Third day running we have a website’s own brand whisky and for the second day it comes from the Whisky Exchange.
The Elements of Islay series is a really interesting themed bottling. Each bottle comes in a bottle which reminds me a Victorian chemists bottle. Each bottle is labelled with a fake Element symbol rather than the name of the distillery although it is always pretty obvious what the symbol represents.
This theme makes for a collectable series and these bottles tend to sell out fast and make good money for people at auction. The quality of the liquid though is always well received so this is more than just a gimmick in my opinion.
Below is an image shamelessly stolen from the Whisky Exchange blog to give you a flavour of what the bottles look like. The t-shirt design is a bottle label.
The full strength peat expression is the first expression which will be an ongoing release. All the previous releases to this have been completely different, interesting batches. Once the batch was sold it could never be repeated.
This one is also a blended malt so a number of different Islay distilleries have been used in making this expression. Recently, a lower strength peat has been released which is also a blended malt but I do not know if the blend is a completely different composition or not.
As the name full strength would suggest it has been bottled at a weighty 59.3% and like all the bottles in the series is unchill-filtered and contains no colouring. The price for this is £35.95 here.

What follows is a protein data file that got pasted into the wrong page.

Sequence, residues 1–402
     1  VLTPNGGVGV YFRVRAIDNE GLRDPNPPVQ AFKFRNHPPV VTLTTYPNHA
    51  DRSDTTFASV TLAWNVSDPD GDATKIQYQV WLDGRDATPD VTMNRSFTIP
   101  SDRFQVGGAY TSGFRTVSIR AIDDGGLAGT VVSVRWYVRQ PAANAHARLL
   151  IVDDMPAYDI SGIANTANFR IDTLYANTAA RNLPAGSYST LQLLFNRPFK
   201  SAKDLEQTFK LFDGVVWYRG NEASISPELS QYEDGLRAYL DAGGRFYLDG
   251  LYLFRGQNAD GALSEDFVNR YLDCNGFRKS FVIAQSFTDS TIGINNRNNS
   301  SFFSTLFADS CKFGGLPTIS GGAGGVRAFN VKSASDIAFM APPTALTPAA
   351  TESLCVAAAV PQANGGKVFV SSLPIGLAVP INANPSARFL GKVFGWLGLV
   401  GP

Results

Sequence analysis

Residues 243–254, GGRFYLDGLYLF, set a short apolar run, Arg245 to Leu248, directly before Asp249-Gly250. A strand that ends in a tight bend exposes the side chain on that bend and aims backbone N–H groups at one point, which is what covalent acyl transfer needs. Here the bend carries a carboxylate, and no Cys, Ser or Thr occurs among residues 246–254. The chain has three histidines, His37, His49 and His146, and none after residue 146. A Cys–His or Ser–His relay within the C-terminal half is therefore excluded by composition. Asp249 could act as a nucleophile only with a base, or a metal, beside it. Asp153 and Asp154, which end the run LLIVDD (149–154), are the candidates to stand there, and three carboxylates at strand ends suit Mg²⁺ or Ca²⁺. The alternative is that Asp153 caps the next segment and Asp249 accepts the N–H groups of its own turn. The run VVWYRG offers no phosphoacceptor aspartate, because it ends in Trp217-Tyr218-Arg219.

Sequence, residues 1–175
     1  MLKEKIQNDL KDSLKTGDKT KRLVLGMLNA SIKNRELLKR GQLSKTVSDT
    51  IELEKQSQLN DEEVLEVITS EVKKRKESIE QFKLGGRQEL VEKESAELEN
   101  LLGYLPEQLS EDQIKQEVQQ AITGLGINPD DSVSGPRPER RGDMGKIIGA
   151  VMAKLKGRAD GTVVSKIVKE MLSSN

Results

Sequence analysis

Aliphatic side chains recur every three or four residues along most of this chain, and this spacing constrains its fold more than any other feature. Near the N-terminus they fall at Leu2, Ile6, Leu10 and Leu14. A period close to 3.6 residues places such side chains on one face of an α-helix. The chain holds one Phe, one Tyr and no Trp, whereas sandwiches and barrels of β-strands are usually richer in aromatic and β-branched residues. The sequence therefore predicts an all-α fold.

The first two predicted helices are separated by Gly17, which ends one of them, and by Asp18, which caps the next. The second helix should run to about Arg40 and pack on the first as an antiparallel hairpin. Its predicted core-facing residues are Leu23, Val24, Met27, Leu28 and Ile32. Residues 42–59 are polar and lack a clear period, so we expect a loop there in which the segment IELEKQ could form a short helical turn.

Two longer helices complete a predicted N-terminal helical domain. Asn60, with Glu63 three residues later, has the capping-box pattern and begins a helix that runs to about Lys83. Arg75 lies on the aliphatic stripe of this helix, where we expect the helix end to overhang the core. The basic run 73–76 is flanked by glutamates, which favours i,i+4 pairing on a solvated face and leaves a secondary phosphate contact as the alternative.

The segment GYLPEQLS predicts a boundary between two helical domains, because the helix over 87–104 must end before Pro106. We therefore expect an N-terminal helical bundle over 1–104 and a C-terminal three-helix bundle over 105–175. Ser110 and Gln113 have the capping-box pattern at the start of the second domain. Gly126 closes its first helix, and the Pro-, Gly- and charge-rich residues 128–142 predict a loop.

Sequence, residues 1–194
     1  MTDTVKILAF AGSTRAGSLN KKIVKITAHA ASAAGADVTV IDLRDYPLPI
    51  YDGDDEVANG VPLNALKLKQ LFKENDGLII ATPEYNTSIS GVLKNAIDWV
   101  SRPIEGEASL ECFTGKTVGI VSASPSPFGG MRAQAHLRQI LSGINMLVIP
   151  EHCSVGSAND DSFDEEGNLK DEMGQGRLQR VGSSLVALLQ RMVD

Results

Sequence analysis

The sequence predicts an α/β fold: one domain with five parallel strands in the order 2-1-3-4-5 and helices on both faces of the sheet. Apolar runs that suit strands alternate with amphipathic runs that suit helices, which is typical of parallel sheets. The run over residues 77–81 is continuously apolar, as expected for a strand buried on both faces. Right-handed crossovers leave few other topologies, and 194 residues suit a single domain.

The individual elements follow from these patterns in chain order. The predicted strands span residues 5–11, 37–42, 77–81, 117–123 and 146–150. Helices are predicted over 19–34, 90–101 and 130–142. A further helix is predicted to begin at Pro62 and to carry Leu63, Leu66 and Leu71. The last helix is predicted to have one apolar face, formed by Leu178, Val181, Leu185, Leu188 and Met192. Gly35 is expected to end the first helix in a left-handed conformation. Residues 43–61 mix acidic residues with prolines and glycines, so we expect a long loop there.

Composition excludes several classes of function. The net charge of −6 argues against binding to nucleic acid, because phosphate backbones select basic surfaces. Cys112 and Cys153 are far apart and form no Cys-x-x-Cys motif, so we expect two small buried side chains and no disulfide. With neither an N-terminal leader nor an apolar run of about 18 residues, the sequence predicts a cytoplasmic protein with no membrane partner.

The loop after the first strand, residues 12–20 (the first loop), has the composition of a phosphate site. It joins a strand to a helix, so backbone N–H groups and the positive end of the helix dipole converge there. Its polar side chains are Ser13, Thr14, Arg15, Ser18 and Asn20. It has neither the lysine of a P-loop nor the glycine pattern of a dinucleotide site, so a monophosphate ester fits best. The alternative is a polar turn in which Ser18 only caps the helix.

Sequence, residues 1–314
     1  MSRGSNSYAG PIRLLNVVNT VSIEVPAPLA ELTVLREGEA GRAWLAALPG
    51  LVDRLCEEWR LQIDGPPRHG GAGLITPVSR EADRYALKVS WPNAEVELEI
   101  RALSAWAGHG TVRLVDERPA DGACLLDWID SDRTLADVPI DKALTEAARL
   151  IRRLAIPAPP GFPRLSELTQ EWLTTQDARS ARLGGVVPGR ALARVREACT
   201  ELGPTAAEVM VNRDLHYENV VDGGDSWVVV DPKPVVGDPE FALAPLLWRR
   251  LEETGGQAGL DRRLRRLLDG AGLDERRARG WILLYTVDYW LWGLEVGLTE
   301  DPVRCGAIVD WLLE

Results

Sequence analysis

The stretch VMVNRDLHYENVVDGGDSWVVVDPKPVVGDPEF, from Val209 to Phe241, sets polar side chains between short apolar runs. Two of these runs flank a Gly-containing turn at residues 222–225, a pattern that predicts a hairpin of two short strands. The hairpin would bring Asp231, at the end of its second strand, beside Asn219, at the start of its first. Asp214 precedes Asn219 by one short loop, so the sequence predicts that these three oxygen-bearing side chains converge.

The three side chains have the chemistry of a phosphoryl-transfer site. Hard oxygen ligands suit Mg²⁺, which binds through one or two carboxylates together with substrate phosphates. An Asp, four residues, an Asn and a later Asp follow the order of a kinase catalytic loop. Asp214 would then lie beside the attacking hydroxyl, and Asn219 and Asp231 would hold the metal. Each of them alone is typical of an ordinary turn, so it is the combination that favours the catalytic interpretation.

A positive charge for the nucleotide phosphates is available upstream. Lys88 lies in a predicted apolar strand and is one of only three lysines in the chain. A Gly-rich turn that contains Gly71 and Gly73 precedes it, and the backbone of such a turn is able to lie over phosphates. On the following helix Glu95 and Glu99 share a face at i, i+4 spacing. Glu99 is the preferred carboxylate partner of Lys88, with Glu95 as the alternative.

Colour- natural lemon juice
Nose – briny coastal sea air, sweet vanilla and bitter lemons
Palate (no water) – more of the sweet vanilla and subtle smoke
Palate (water) – apples and pears wrapped around a deeper peat
Finish (no water) – sweet briny peat that lingers with honey sweetness
Finish (water) – bitter sweet finish now that I always enjoy
This is a simple well constructed whisky. It is a great price and a lot of fun to sit and enjoy. This is no peat monster but it has a lot of smokiness and depth of flavour. The peat finish survives for a long long old time. A real sign of quality for me and evidence if ever needed that not chill filtering your whisky is the way forward.
If I was asked to bet I would say Caol Ila and Bowmore are involved in this mix but maybe I am wrong?